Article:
Anaerobic batch experiments were conducted to monitor the methane yield of the microalgae culture, the representative mix of primary sludge (60%) and WAS (40%), and a mixture of all three substrates. The proportions of the mixture of algae and sewage sludge were chosen based on the mixture that showed the highest methane potential (37% microalgae and 63% sewage sludge based on g VS content) in Olsson et al. (2014). The results presented in this earlier study give an indication of how the implementation of algae affects various parameters during digestion and digestate handling. The experiment was performed according to the protocol described in Olsson et al. (2014) and was conducted in mesophilic conditions (35 °C) in 1 L conical bottles. Each bottle contained substrate equivalent to 3 g VS (corresponding to 4.3 g L−1) and inoculum equivalent to 6 g VS (corresponding to 8.6 g VS L−1) (total active volume 700 mL). All substrate mixtures and blanks (inoculum only) were run in triplicate and incubated for 50 days. The bottles were mixed manually every time gas samples were taken.

Biogas production was determined by measuring the overpressure in the bottles with a pressure gauge (model: GMH 3111) equipped with a pressure sensor (GMSD 2BR, −1,000 to 2,000 mbar). The volume of gas produced was calculated from the overpressure according to Equation (1). The calculated volume was normalized (1013.25 mbar and 273 K) according to Equation (2) (VDI 4630 2006).  
formula
(1)
  • : Calculated gas volume (mL)

  • : Ambient pressure (mbar)

  • : Measured pressure (mbar)

  • : Headspace volume (mL)  
    formula
    (2)
  • : Normalized gas volume (NmL)

  • : Calculated gas volume (mL)

  • Vapour pressure of the water as a function of the temperature of the ambient space (VDI 4630 2006) (mbar)

  • : Normalized temperature; 273.15 K

  • : Normalized pressure; 1013 mbar

  • : Ambient temperature (K)

Each time the pressure was released from the bottles, a gas sample was taken for methane content analysis by gas chromatography (PerkinElmer Arnel Clarus 500; column: 7″ HayeSep N 60/80, 1/8″ SF; FID Detector 250 °C, carrier gas: helium, flow 31 mL/min, injector temperature: 60 °C; injection using Headspace sampler Turbo Matrix 110). The methane content was then multiplied by the biogas production to obtain the methane produced in each bottle. In order to determine the amount of methane from each substrate mixture the production in the inoculum bottles was subtracted from the production in the bottles containing substrates. The methane yield was obtained by dividing the production by the amount of VS substrate added to each bottle under standard conditions (NmL gVS−1). Standard deviation was calculated for each set of triplicates.

Model of data fit

The modified Gompertz model has previously been used to obtain kinetic parameters in anaerobic degradability tests, see for example Olsson et al. (2014). This model was also applied in the present study, and can be expressed as:  
formula
(3)
  • : Cumulative methane yield (NmL CH4 g VS−1),

  • : Ultimate methane yield (NmL CH4 g VS−1 added)

  • : Maximum methane production rate (NmL CH4 g VS−1 day−1)

  • : Lag phase time (day)

  • : Digestion time(day)

  • : Euler's number ()

The R2 coefficient was calculated to evaluate the fit of the Gompertz equation to the experimental data.

The experimental data were fitted to Equation (3) using fmincon, a function in Matlab which finds the minimum value of a function with several variables and with linear and nonlinear constraints. In this case, the constraints included the minimum difference between the model and the experimental data, and that the parameters must be positive.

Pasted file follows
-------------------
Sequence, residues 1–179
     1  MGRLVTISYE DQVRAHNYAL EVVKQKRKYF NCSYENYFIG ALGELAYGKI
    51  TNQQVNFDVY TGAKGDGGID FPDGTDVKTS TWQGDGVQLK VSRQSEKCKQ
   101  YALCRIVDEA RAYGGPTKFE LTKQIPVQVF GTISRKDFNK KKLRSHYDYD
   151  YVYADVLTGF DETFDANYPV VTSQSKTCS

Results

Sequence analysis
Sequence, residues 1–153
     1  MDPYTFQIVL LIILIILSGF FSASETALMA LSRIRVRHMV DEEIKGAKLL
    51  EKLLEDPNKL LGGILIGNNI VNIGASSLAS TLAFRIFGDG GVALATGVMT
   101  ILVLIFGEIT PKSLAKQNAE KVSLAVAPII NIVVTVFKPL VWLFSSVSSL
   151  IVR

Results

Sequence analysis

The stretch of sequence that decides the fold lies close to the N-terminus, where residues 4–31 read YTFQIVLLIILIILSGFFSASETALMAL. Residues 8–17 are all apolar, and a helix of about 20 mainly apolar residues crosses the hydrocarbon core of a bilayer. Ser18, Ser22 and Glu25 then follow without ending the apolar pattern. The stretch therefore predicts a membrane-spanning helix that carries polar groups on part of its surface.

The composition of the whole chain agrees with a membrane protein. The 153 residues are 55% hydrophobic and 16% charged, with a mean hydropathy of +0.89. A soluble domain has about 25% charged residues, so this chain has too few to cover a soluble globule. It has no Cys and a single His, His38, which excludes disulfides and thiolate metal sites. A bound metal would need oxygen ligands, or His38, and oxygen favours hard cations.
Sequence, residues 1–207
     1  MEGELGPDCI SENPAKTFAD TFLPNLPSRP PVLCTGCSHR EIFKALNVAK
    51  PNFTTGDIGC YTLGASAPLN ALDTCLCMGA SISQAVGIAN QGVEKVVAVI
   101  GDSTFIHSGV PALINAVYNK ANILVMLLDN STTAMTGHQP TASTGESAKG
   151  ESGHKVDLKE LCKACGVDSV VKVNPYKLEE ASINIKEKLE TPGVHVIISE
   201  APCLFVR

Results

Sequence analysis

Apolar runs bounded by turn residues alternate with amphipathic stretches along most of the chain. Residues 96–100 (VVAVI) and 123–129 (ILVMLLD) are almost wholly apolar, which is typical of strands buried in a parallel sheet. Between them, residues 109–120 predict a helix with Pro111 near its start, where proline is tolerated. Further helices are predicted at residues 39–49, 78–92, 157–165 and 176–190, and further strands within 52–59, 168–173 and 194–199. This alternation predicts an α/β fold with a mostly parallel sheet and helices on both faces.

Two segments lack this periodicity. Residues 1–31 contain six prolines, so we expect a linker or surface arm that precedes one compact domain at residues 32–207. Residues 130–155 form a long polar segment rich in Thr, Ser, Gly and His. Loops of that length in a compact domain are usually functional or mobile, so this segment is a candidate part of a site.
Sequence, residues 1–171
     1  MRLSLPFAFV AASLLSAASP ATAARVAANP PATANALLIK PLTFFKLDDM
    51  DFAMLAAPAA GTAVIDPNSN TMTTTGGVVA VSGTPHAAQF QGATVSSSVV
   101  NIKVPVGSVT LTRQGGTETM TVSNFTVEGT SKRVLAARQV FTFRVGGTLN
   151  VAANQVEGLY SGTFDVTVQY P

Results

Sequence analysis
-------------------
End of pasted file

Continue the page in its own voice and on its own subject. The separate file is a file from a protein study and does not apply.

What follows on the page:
Semi-continuous digestion experiment

The system used for the semi-continuous digestion experiment consisted of two reactors for wet digestion (3–4% TS) with an active volume of 5 L (Figure 2). The reactors were stirred continuously at 200 rpm and had a temperature control system to maintain the digestate at 37 °C.

Figure 2

Semi-continuous pilot digesters.

Figure 2

Semi-continuous pilot digesters.

The system was fed manually with substrate once daily. To ensure that stable conditions were reached, constant organic loading rate (OLR) and hydraulic retention time (HRT) were applied for three retention times in each period. The substrate composition was also constant for both periods. To ensure stable conditions before commencing the study, the two digesters were fed with the same type and amount of substrate as the full-scale process and the methane production and the VFA content in the digestate was monitored. The system allowed online measurement of biogas production with a volumetric gas flow measurement device using a column and the water displacement method. Two inductive sensors were placed on the water column; the top sensor provided a signal to a three-way valve to release the gas, while the bottom sensor transmitted the signal to close the outlet. When sufficient gas was produced, the valve was activated to release the gas and allow the water column to settle. One cycle corresponded to 30 mL of gas produced. The methane content in the gas was measured continuously with a BlueSens CH4 gas sensor (Manufacturer: BlueSens gas sensor GmbH), which contains an IR light source, a detector and the evaluation electronics. The reactor system was connected to the DOLLY© fermentation process control program, based on Wonderware® FactorySuite™ (Manufacturer: Belach Bioteknik AB), to regulate the process and store information from the reactors.

In this study, digester 1 was the reference reactor and digester 2 was the experimental reactor, see Figure 2. The proportions of the mixture of algae and sewage sludge were the same as used in the anaerobic batch experiment.